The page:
Our children do not wear designer clothes.  Many of their clothes are from consignment sales and hand-me-downs.

Both of our vehicles are paid for.  We have one investment property (our former residence) which we leveraged for the capital to build our new permanent home and were only able to accomplish that because we have been savvy enough to have that property nearly paid off (note matures in 2015).

We consider ourselves "middle" class, but we are among a dwindling, disappearing group.  We have enough forthrightness and wherewithal to be preparing for the inevitable collapse, but no real ability to divine WHEN this may occur.  So we plan as best accordingly as we can.  We are raising our children to be self-sufficient.  We are farming (gardening) and are hopeful to include a vineyard and orchard in the coming year(s).

I wish I could make it so my wife did not have to work, so she could raise our children good and proper, teach them the way they deserve to be taught - privately, independently, dedicated and tailored - without all of the negative trappings of the public school system.

But government does not want it that way.  Government thrives on dominion over others and the best way to maintain that monopoly is to keep both parents working so that the children are FORCED to spend 8 hours (or more) per day in the compulsory Prussian school system, taught obedience, groupthink and a homogenized, watered-down version of their own history, divested of any association with the great thinkers and doers of generations gone by who fought to prevent this very thing from occurring.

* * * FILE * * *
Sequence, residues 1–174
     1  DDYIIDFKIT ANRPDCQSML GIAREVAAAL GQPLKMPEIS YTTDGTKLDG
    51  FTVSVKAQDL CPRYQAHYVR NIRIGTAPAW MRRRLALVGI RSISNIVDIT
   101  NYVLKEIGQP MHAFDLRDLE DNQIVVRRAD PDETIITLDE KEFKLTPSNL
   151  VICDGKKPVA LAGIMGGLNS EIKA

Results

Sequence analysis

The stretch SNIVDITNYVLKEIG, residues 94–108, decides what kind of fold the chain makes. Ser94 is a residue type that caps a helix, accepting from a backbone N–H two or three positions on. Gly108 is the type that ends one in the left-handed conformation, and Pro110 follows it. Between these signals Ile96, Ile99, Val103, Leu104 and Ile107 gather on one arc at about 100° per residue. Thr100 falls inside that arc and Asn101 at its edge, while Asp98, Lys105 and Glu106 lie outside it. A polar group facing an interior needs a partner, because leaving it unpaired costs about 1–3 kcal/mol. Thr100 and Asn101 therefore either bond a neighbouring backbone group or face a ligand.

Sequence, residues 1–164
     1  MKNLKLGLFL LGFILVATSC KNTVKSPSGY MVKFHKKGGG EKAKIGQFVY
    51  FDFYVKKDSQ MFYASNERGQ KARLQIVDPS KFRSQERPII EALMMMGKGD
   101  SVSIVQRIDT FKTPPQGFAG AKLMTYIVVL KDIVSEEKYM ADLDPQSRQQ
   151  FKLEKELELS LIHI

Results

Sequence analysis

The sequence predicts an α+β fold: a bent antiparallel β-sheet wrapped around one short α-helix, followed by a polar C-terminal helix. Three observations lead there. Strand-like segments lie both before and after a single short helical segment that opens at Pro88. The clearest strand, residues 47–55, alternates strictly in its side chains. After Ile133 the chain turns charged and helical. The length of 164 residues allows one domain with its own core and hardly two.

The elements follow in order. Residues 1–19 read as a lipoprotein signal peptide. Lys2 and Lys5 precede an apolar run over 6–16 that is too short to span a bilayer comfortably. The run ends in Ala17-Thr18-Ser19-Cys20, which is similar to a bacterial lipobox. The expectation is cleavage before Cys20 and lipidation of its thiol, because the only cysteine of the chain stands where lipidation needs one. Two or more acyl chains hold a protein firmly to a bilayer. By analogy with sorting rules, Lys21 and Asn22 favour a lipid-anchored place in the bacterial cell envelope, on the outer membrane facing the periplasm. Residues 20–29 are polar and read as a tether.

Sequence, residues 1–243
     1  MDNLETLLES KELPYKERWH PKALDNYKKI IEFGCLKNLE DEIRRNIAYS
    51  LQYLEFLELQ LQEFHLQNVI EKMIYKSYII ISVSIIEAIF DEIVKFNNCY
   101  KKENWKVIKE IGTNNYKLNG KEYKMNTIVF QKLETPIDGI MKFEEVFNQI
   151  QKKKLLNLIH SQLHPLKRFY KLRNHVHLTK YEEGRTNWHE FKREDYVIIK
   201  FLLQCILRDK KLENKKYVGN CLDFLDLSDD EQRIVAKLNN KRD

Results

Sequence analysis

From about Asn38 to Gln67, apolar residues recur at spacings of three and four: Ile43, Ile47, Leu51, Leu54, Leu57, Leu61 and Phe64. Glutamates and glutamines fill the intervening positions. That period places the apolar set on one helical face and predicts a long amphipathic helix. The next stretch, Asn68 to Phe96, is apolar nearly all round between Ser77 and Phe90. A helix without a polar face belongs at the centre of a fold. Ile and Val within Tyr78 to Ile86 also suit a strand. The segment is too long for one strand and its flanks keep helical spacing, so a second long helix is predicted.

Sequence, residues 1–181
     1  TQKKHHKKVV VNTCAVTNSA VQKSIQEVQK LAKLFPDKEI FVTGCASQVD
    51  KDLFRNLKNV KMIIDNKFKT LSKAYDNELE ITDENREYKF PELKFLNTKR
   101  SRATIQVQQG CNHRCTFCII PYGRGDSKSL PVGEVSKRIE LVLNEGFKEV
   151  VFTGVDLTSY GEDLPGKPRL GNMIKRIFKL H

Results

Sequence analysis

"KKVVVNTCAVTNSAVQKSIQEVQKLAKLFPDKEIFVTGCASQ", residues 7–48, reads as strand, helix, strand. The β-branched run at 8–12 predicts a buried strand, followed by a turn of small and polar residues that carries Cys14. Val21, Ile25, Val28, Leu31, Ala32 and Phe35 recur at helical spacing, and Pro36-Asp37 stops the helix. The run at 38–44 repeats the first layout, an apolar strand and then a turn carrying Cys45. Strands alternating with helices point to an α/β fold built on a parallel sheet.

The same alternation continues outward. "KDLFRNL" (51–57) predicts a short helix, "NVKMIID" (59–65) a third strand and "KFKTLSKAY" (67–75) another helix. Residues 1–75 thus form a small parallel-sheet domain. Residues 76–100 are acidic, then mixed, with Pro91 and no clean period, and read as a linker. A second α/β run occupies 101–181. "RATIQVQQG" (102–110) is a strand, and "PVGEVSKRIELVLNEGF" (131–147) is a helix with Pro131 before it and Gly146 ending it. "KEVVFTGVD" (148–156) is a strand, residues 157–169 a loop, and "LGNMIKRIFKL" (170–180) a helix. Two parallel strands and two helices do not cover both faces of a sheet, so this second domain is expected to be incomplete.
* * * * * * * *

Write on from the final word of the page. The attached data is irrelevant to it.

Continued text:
I hope you will wake up and join the fight.  Compare YOUR LIFE to that of your parents.  Are YOU doing as good or better than they were at your age?  Do you feel hopeful about your future, or are you starting to see through the lie coming apart at the seams?

22 April, 2013

Virginia Wine Country

And now for something completely different... a trip into Virginia's magnificent wine country in the shadows of the Shenandoah.

This past weekend I spent a day tasting, enjoying and learning about Virginia's wines from some vineyards and wineries who, for all intents and purposes, produce their vignettes from vine to bottle.  This visit centered around the city of Charlottesville, which is an independent city surrounded by the county of Albemarle in the foothills of the Appalachian mountains about 20 minutes east of Waynesboro.

Charlottesville is probably best known as home to the University of Virginia, a public university conceived by Thomas Jefferson and built on lands once owned by James Monroe, with courses of study including architecture, economics, law and medicine.

During the course of the day we visited six (6) wineries throughout the area, each with unique and different ideas of what a wine "tasting" should be and the manner in which their wines are produced, marketed and delivered to their customers.  It is my intention here to provide my personal opinion of the "sum of the parts" for each vineyard and give you, the reader, an opportunity to share in my very first tour of Virginia's wine country.

Our trip begins at 7 AM on Saturday morning.  I am moderately hungover and totally exhausted from playing in my rock band at a headlining gig the previous night which put me in my bed somewhere between 3 and 3:15.  Fortunately my wife had volunteered to drive and she and her girlfriend Joyce sat up front while I crashed out on the bench seat in the back.  Coming from Virginia Beach I managed to sleep from Newport News to about ten minutes outside of Charlottesville, so that gave me a little bit more energy for our first stop: Jefferson Vineyards.